Resting by “waters of rest” …
Resting is a biblical concept. The Scriptures speak much about מְנוּחָה, “rest”. Concepts such as “to rest” and “rest” are used in the Old Testament with regard to spiritual, physical and social rest. Rest is important in each of these three areas. But what does this “to rest” actually mean for us?
To understand this, we first look at the Hebrew “rest words” that appear in the Old Testament. This group of words is quite extensive and includes verbs with various meanings such as: being silent, to stop, to cease, to recover, to relax; this includes related words such as: silence, peace, resting place, recovery, relief, etc.
Within this varied group of words we specifically mention the verb “núach”, which means: to rest, to relax, to take a rest, to catch one’s breath, to be still, to be calm, to lie down; in a certain verbal form also: to give rest, to bring peace, to cause to rest, to let rebreathe.
From this verb “núach”/to rest the word “menucha” is derived which means primarily: rest, silence, resting place, rest situation, rest stay, but also: enlightenment, relief, stop, peace. It is striking that these words often occur in connection with what the Lord God is, does and offers to man. The verb “to rest” and the noun “rest” are presented as Divine gifts and blessings that cannot be obtained outside of Him! That’s the way God intended it…
From the beginning God Himself has given the example of resting, and based on this, He proposes “resting” to man created by Him as a special blessing that He offers. After His six-day work of creation, “God blessed the seventh day and made it holy, because on it God rested from all His work that He had done in creation” (Genesis 2:2-3).
Compare Exodus 20:11. God determines that resting is the reward for labor done. He created the day-night cycle, so that one can rest in the night after daily tasks and worries.
God’s commandment to rest
God commands man to rest regularly (Exodus 20:8-11; Deuteronomy 5:12-15; compare Exodus 23:12; 31:15). This command is not intended as a cold law, but as God’s loving care measure with a special purpose: remembering regularly what He did and who He is for us, to thereby be strengthened spiritually (and also physically). “You shall remember that you were a slave in the land of Egypt, and the Lord your God brought you out from there …”
On the other hand, the Scriptures teach that God wants everyone to know their own responsibility and therefore offers animals, land and especially the employee the necessary “menucha”/rest/relief. Extremely concrete, practical and current! God wants people to treat their land and livestock, their animals, big or small, in this way. The land must be able to settle down at regular intervals, which is why the Lord commanded a “Sabbath year”.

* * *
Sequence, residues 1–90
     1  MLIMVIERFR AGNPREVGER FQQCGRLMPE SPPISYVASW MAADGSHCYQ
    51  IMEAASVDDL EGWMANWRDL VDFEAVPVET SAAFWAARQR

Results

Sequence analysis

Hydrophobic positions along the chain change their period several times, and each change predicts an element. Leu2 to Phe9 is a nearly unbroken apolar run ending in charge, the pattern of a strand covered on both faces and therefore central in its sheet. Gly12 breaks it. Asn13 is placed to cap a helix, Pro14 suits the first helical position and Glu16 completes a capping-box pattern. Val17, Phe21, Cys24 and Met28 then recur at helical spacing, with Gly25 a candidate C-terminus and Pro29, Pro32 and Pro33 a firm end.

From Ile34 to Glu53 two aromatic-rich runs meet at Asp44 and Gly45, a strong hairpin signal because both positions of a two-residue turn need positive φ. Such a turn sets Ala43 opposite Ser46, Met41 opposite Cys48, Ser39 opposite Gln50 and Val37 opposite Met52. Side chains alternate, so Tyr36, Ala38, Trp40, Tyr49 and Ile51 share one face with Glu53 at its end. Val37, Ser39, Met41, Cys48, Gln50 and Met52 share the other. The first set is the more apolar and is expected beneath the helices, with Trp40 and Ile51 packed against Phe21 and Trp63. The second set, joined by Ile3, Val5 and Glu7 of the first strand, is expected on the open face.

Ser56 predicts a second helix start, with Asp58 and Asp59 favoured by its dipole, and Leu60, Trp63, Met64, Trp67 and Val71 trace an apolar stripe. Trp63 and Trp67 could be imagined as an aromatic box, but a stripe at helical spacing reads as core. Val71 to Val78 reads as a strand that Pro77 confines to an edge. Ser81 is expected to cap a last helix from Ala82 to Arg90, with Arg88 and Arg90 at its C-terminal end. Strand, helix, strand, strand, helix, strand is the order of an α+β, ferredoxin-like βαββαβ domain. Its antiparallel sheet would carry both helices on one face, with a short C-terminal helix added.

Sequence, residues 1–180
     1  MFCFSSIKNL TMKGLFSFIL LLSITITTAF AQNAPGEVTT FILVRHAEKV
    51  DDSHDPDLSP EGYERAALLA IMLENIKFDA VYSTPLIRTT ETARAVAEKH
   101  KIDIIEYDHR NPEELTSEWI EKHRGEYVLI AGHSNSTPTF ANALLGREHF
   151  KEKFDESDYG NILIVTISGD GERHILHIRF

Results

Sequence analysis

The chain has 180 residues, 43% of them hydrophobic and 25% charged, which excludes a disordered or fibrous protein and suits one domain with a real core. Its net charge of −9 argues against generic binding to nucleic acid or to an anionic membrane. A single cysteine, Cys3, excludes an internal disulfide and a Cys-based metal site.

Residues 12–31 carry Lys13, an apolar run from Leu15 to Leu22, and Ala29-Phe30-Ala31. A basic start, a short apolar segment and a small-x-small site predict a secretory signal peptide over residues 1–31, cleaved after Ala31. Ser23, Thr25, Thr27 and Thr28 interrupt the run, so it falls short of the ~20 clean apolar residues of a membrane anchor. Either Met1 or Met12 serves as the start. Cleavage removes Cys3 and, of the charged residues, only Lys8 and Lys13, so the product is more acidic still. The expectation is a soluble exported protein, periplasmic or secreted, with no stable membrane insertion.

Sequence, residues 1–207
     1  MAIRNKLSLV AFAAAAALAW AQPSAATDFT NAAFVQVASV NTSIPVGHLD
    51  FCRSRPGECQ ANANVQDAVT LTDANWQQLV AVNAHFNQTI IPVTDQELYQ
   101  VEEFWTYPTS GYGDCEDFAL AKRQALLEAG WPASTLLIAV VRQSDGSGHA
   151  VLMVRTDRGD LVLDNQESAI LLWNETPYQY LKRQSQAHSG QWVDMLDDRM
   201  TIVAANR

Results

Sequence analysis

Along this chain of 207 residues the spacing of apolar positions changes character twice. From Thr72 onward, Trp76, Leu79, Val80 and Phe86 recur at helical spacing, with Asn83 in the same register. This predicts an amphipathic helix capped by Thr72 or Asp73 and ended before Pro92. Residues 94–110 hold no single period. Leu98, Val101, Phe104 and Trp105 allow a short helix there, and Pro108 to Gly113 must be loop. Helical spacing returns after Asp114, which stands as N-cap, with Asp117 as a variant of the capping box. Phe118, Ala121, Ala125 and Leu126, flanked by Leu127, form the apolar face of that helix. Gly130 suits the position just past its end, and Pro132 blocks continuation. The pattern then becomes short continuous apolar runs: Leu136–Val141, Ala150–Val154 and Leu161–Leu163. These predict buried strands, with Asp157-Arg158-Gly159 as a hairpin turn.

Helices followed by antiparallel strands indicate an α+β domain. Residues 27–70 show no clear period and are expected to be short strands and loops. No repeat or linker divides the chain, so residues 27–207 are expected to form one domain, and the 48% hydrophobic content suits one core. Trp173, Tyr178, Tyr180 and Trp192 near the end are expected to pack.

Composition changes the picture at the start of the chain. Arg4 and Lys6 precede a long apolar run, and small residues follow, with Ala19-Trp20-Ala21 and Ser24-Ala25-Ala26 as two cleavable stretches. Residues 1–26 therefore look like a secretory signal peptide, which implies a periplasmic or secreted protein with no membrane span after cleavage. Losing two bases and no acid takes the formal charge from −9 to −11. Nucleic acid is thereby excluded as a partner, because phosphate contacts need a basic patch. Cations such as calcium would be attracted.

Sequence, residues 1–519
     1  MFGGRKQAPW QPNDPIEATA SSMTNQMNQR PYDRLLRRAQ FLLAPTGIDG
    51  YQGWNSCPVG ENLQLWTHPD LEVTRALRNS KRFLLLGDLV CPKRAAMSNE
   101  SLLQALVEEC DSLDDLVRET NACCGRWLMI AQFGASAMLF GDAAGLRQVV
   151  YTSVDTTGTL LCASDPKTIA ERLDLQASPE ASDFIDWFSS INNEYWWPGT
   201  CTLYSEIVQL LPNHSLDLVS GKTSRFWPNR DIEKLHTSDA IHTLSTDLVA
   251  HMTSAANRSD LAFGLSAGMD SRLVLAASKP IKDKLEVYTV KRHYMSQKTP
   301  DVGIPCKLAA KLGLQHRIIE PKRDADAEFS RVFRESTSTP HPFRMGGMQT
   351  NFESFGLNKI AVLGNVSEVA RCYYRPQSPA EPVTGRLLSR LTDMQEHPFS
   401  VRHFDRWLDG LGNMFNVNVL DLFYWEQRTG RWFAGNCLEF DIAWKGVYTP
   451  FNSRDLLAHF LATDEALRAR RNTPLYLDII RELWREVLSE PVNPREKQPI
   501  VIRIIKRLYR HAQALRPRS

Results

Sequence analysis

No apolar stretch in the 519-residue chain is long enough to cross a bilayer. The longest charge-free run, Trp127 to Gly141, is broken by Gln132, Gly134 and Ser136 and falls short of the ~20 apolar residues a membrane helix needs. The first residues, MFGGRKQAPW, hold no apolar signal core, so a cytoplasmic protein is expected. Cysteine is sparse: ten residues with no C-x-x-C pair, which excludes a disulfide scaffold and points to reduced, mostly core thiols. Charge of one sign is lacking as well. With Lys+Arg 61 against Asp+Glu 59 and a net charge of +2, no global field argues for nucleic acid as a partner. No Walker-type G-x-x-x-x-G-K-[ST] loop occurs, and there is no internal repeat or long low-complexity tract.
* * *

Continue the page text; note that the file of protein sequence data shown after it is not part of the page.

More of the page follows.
“For six years you shall sow your field… but in the seventh year there shall be a Sabbath of solemn rest for the land, a Sabbath to the Lord…” (Leviticus 25:3-7). The field also needs to recover in order to be productive again.
Animals – like humans – should rest at regular intervals, the Lord commands. The commandment to keep the Sabbath rest, therefore, also concerns the animals that are owned (Exodus 20:10). God teaches that this should not be an obligation only. He wants us to take good care of them out of respect for the beautiful creation and out of love for our animals. “Whoever is righteous has regard for the life of his beast…” (Proverbs 12:10).
Whoever owns an animal must know what this creature needs and must deal with it responsibly and lovingly. So you never leave your dog tied to a tree during the holidays?! Similarly, when you are looking for (holiday) entertainment, you would not cause damage to nature or animals.
If the Lord God points to responsibilities with regard to creation, how much more does this apply to other people! Whoever bears responsibilities regarding the rest of one’s fellow man should handle this with the utmost care (Exodus 20:10).
The Lord is the one who is soothing
We saw that “menucha”/rest is a Divine blessing.
In the Promised Land, God’s people would enjoy “menucha”/rest/silence (Deuteronomy 12:9). Jacob’s prophetic words about Issachar already associate “menucha”/rest /silence with a peaceful stay in the land of promise. Centuries later, Solomon prayed: “Blessed be the Lord who has given “menucha”/rest to His people Israel, according to all that He promised….” (1 Kings 8:56).
God’s blessed “menucha”/rest was to be experienced by Israel on the way to the Promised Land. During their desert journey, the Lord led the way: “to seek out a “menucha”/resting place for them...” (Numbers 10:33). God’s promises of salvation include “menucha”/rest /peace/enlightenment.
“When the Lord has given you “menucha”/rest from your pain and turmoil ...” (Isaiah 14:3). The plural of the word for rest uses God in His promise: “My people will abide in a peaceful habitation, in secure dwellings, and in quiet “menuchot”/resting places” (Isaiah 32:18).
God leads the way of His people in their pilgrimage. In this way He wants to give everyone His rest in the eternal Fatherland, at His home, through faith in Jesus’ cross sacrifice for sinful man. “Return, O my soul, to your “menuchot’/rest; for the Lord has dealt bountifully with you” (Psalm 116:7).
“He leads me beside waters of “menuchot”/rest …” (Psalm 23:2).
© Copyright dr. Annechiena Sneller-Vrolijk